“Recovery after Disasters: New Orleans, Paris, and Memphis“
Studies in Emergent Order, Vol. 4 (2011)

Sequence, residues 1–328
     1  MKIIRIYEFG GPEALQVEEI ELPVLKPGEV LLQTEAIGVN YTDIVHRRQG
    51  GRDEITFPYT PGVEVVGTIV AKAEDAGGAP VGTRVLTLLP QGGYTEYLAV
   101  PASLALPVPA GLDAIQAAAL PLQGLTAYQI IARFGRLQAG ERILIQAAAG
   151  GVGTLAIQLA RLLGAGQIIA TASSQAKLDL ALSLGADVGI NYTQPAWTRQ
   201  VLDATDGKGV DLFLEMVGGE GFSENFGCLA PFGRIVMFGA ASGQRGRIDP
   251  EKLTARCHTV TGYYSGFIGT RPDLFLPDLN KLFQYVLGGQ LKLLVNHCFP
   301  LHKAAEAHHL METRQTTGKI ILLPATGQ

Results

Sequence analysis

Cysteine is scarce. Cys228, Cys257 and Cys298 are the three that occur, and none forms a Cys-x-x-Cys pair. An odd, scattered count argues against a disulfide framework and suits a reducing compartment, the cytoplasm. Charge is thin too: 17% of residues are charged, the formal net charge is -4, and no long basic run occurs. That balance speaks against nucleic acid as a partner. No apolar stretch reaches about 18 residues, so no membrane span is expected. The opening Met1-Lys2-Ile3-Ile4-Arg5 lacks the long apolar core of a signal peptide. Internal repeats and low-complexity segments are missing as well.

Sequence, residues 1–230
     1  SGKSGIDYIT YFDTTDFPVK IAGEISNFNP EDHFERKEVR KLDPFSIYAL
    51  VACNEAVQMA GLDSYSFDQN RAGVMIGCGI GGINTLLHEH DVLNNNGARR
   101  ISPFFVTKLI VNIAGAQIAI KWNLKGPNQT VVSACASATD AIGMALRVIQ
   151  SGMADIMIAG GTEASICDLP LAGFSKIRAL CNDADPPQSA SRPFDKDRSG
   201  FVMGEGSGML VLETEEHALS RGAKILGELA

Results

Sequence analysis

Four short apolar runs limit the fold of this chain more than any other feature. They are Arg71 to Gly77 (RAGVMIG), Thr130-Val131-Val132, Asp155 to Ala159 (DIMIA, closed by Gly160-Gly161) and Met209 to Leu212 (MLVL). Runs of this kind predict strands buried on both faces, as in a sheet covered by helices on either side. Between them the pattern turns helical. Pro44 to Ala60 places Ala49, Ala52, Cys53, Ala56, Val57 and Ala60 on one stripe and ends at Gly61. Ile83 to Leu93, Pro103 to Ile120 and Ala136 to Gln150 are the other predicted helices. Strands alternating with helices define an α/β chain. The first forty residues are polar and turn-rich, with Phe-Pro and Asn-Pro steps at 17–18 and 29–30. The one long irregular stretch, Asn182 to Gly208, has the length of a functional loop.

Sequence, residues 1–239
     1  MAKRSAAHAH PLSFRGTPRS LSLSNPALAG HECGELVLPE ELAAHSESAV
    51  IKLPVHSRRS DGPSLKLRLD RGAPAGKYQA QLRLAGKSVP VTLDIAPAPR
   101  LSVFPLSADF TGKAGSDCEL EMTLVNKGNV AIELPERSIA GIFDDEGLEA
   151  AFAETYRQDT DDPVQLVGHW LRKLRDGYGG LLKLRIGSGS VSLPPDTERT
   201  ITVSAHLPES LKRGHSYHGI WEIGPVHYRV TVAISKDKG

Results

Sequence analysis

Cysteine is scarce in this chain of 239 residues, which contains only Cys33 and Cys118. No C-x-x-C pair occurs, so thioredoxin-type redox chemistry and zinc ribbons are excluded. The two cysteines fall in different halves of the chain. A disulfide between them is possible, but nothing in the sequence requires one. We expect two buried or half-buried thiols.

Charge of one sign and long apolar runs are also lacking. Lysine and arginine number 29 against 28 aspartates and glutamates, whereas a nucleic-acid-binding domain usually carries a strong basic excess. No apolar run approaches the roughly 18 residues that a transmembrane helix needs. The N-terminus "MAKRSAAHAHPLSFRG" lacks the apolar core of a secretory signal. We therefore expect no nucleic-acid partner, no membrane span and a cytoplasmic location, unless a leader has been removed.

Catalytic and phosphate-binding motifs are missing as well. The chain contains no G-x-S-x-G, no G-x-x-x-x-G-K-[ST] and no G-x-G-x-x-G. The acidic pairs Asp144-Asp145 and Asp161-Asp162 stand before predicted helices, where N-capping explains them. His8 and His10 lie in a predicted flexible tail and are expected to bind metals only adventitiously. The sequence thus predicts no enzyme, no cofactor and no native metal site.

Emily Chamlee-Wright‘s The Cultural and Political Economy of Recovery synthesizes research showing that governments at all levels blocked the ―Road Home‖ for Hurricane Katrina‘s victims. These policies have worked against the apparently natural inclination of citizens to immediately start rebuilding their communities after natural disasters. Chamlee-Wright and others show that post-disaster policy played a pivotal role in determining what filled the civil society vacuums that emerged in Katrina‘s wake. We apply Chamlee-Wright‘s framework of cultural and political economy to aspects of two previous disasters: the 1878 Memphis Yellow Fever Epidemic and the 1910 Great Flood of Paris.